Tag Archives: Structural Building Components

Wood Floor Trusses

When I was first in the metal connector plated wood truss industry back in 1977, my employers – Dutch Andres and Tom Vincent at Spokane Truss, had just invested in a machine which would fabricate what would be called a 4×2 floor truss.

These trusses revolutionized the way floors could be constructed – freeing up areas below them from the need for load bearing walls and columns in all of the most inconvenient places!

Rick Ochs is new to the inside team at Hansen Pole Buildings, and earlier this week, he posed a question:

“Hey Mike,

No rush… I have been viewing tutorials from WTCA (Wood Truss Council of America) on trusses and structural building components.  I was wondering why we don’t spec floor trusses instead of the traditional 2×10 with hangers.  Cost I presume.


Here is my response to Rick:

Floor trusses will be significantly more expensive.

Let’s say you have a 2×10 at .6285m (current price at The Home Depot®) so a 12′ would be $12.57.

(“m” happens to be lumber people’s secret code for 1000 board feet)

If they were even 16″ o.c., you are talking 0.79 per square foot for the cost of joists.

Floor trusses are going to run around $4.40 per lineal foot, spaced 2′ on center, this makes the cost per square foot for the joists at $2.20.

For a floor span of over 24′ trusses are certainly the way to go.

To which Rick responded:

“I’m thinking it would take a little more math on the builder/customer part to compare against labor cost savings of setting floor truss vs time required to set hangers, cut and nail joists.”

Personally, I have metal connector plated wood floor trusses in two of my personal buildings – in one case spanning 30 feet and the other 48 (yes a 48 foot clearspan floor).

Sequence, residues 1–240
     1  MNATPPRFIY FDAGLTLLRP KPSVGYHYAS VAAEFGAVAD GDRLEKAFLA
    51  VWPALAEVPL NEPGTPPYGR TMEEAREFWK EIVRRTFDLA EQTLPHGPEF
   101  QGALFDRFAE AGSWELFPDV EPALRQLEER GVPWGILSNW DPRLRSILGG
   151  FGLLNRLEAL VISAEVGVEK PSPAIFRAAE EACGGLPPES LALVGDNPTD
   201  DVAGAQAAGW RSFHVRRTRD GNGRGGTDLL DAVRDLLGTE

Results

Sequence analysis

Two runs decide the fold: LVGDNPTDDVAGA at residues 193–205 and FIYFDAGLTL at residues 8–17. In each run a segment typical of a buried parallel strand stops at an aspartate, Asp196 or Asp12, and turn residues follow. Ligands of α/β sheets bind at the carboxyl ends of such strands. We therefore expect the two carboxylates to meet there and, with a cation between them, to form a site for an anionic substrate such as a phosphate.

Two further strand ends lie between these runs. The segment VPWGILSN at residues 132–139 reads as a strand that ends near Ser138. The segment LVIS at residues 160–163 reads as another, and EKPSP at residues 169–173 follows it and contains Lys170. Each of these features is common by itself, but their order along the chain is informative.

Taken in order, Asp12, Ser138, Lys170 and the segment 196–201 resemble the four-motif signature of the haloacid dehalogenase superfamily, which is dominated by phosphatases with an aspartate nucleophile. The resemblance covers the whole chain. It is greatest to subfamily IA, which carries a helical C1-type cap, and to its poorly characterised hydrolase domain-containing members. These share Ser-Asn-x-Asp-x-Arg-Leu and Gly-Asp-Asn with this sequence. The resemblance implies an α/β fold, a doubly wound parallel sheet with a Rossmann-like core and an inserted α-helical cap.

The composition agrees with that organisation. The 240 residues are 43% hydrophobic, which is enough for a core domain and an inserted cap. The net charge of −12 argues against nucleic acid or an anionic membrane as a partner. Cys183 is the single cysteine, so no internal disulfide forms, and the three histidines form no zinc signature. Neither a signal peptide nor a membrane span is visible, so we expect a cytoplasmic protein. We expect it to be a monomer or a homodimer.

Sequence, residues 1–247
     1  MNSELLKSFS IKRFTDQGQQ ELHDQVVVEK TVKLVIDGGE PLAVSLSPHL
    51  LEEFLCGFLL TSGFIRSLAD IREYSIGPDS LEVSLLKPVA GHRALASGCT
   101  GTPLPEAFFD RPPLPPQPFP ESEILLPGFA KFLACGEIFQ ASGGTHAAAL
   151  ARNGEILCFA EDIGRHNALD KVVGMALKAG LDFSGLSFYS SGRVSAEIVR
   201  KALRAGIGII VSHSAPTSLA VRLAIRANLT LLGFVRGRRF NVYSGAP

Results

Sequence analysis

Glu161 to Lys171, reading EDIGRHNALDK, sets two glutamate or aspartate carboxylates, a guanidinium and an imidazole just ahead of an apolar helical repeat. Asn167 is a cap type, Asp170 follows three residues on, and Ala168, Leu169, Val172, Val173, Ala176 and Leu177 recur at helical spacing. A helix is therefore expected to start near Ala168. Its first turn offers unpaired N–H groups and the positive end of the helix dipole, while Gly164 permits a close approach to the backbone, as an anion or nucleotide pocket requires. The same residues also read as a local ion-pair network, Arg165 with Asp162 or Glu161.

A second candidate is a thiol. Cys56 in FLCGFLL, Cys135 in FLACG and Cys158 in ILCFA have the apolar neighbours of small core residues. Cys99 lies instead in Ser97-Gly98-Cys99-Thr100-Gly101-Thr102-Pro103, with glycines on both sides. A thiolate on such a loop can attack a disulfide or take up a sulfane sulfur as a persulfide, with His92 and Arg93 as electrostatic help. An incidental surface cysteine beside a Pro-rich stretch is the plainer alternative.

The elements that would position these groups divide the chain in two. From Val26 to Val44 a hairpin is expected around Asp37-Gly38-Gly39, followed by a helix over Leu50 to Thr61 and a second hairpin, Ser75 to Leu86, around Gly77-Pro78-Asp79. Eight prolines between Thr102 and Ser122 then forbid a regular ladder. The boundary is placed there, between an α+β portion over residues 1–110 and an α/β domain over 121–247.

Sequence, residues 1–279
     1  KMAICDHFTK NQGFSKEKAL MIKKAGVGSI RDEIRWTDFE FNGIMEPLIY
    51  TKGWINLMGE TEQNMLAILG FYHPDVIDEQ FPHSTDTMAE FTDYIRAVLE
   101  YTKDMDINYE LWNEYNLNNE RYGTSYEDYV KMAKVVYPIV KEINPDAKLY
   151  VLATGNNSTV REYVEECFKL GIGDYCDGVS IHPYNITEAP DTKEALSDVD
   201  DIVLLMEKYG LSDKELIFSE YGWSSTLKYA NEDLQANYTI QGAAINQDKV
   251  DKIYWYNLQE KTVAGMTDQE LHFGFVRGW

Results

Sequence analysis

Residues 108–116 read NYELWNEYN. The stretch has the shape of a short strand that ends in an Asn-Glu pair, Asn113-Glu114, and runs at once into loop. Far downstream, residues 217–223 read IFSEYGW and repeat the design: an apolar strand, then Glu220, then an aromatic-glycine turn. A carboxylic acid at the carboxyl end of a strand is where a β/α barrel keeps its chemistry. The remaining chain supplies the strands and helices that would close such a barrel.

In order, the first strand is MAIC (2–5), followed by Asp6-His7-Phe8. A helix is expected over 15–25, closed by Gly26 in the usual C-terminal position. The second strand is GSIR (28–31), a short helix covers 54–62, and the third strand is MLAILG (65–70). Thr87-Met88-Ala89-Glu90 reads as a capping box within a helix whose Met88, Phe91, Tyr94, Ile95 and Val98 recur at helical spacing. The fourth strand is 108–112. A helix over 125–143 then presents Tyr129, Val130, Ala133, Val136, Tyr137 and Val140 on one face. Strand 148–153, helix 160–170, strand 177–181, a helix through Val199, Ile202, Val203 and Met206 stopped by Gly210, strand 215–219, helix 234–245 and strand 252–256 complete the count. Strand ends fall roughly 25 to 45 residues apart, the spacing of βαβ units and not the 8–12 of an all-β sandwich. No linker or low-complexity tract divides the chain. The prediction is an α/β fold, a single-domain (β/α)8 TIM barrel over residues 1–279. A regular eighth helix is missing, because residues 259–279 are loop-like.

Here are some of the benefits of using wood floor trusses:

  • Larger sheathing attachment, with 2×3 or (usually) 2×4 nailing surface,
  • Spacing up to 24” o.c. maximizes efficiency, decreasing installation time.
  • Each unique truss is engineered to proper codes and loading.
  • Speeds up mechanical installation (think heat ducts) with the open webbing thus saving dollars.
  • Span longer distances than conventional lumber or I-joists.
  • Special bearing, cantilever, and balcony details are easily built in.
  • Less pilferage, it is unlikely a 20’ truss is going to walk off the jobsite.
  • Faster jobsite build times, saving jobsite labor, construction loan interest, vandalism, and environmental damage.

Wood floor trusses can also be designed to limit the deflection and vibration, read more here:


In the global scope of life, having a wood truss supported floor is a fairly economical upgrade, which is certainly something worth investigating.

Mike the Pole Barn Guru Published

Here’s How I Did It

The full title of the book is, “Here’s How I Did It! World’s Top Experts Share Their Stories, Insights and Perspectives” by Raam Anand.

It is available at Amazon.com: https://www.amazon.com/Heres-How-Did-Insights-Perspectives-ebook/dp/B00OUVDFL6/ref=sr_1_2?ie=UTF8&qid=1415731572&sr=8-2&keywords=Here%27s+How+I+Did+It